To improve a glove’s ability to reduce transmission of the lower frequencies to the palm of the hand, the thickness and/or softness of the glove material needs to be increased. However, increasing the thickness of the glove may lead to additional problems for the wearer. For example, a thicker glove may affect manual dexterity and this may have safety implications. A thicker glove may also mean that the wearer has to exert more force to be able to carry out the usual work and this may in turn lead to increased fatigue. Any increase in the thickness or softness of the glove material would, however, be likely to have a negative effect in terms of transmission to the fingers.
It is easy to criticise the current standard test for an anti-vibration glove. However, it is important to acknowledge the difficulty associated with development of such a test. The techniques that must be applied to make an adequate assessment of glove performance are complicated and costly, and the benefits of specifying a more thorough test are largely outweighed by the lack of any discernible benefits of wearing an anti-vibration glove. Consequently, further development or improvement of the test of glove transmissibility may be unlikely. The most recent version of the standard test for an antivibration glove contains normative Annex B, added in 2019, which includes requirements to make it clear that gloves are, for the most part, unlikely to provide any real protection against vibration. Paragraph B.2 b) requires that the information supplied by the manufacturer of the glove shall include:
“A warning that the use of a protective glove does not imply a sufficient protection against health risks due to vibration or other factors. In addition, the measured vibration attenuation results cannot be used to calculate daily vibration exposure values within a risk assessment, e.g. according to ISO 5349‑1”.
This requirement makes it clear that the glove should not be relied upon to protect the wearer and that data from the test cannot be used to estimate a ‘protected level’ in the way that for example data for hearing protectors can be used. In terms of legal requirements, the Control of Vibration at Work Regulations 2005 do not mention anti-vibration gloves. The only mention of PPE is a reference to the provision of clothing to protect against cold and damp. The PPE at Work Regulations 1992, however, require that the employer assesses and selects PPE according to its suitability. So, while the supply side law allows the marketing and sale of anti-vibration gloves, the workplace law requires that their suitability is assessed and, at present, any reasonable assessment would not only be difficult to achieve, but could only conclude that they were not suitable.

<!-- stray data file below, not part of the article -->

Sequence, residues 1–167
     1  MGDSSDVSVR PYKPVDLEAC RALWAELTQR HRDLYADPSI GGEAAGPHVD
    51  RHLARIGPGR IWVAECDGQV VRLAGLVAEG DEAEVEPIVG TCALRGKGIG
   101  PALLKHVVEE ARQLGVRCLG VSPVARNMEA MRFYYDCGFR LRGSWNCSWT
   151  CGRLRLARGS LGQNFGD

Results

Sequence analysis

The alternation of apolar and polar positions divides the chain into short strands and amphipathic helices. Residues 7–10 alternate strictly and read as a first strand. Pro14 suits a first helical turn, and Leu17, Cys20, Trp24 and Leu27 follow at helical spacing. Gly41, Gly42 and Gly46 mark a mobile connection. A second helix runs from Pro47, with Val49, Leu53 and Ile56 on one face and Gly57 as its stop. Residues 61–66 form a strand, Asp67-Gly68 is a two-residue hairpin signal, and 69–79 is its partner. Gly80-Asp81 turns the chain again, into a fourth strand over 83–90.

As a result of the multitude of issues surrounding their assessment and performance, some of which are described above, and also because there is a lack of scientific evidence to show that anti-vibration gloves can significantly reduce the risk of vibration exposure, the simplest advice, as given by HSE, is that gloves cannot be relied upon to provide any benefit, and that they may in some situations, have adverse effects. Gloves can, of course, be used to keep the wearer’s hands warm and dry, which is beneficial for maintaining good circulation, but anti-vibration gloves may not be the most suitable gloves for this purpose. Other means of controlling exposure to vibration, such as eliminating the vibration altogether using alternative work techniques, buying and using low-vibration machinery, carrying out routine preventative maintenance and controlling exposure durations are far more likely to reduce vibration exposures and should all be considered and or implemented first.
For more technical details regarding the issues raised in this article, please read my commentary from 2015 , co-authored with experts from NIOSH and published online.
 Resali & Griffin, 2014. The transmission of vibration through gloves to the hand and to the fingers: Effects of material Dynamic stiffness. Applied Mechanics and Materials Vol. 564 (2014) pp 149-154
 Welcome DE et al. 2014 The effects of vibration-reducing gloves on finger vibration. Int J Ind Ergon; 44: 45–59.
 Lower frequencies contribute the most to the overall vibration magnitude assessed according to BS EN ISO 5349:2001 although there is some uncertainty about the validity of the frequency weighting which is applied.
 Resali & Griffin, 2015. Transmission of vibration through gloves: effects of material thickness. Ergonomics. http://dx.doi.org/10.1080/00140139.2015.1102334 accessed 13/05/2020.
 Hewitt et al, 2015. Antivibration gloves? (https://academic.oup.com/annweh/article/59/2/127/2740610 accessed 13/05/2020).